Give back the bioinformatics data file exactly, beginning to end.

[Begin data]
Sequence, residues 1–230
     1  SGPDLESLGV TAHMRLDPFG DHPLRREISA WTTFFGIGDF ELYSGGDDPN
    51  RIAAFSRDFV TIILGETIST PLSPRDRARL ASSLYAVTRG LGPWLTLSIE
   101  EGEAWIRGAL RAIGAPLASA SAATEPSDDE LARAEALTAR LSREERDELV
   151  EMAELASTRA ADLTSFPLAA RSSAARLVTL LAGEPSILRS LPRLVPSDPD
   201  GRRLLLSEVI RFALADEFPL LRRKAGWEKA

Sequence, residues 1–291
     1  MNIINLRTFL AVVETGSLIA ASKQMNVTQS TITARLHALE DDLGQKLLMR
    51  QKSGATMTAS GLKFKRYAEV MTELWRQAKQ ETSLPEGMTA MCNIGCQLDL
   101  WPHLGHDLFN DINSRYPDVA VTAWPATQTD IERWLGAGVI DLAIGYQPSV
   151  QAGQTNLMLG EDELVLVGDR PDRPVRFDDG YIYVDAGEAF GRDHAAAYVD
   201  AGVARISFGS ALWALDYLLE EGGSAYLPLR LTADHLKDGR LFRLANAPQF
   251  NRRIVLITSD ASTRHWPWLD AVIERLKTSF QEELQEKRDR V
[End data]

Sequence, residues 1–230
     1  SGPDLESLGV TAHMRLDPFG DHPLRREISA WTTFFGIGDF ELYSGGDDPN
    51  RIAAFSRDFV TIILGETIST PLSPRDRARL ASSLYAVTRG LGPWLTLSIE
   101  EGEAWIRGAL RAIGAPLASA SAATEPSDDE LARAEALTAR LSREERDELV
   151  EMAELASTRA ADLTSFPLAA RSSAARLVTL LAGEPSILRS LPRLVPSDPD
   201  GRRLLLSEVI RFALADEFPL LRRKAGWEKA

Sequence, residues 1–291
     1  MNIINLRTFL AVVETGSLIA ASKQMNVTQS TITARLHALE DDLGQKLLMR
    51  QKSGATMTAS GLKFKRYAEV MTELWRQAKQ ETSLPEGMTA MCNIGCQLDL
   101  WPHLGHDLFN DINSRYPDVA VTAWPATQTD IERWLGAGVI DLAIGYQPSV
   151  QAGQTNLMLG EDELVLVGDR PDRPVRFDDG YIYVDAGEAF GRDHAAAYVD
   201  AGVARISFGS ALWALDYLLE EGGSAYLPLR LTADHLKDGR LFRLANAPQF
   251  NRRIVLITSD ASTRHWPWLD AVIERLKTSF QEELQEKRDR V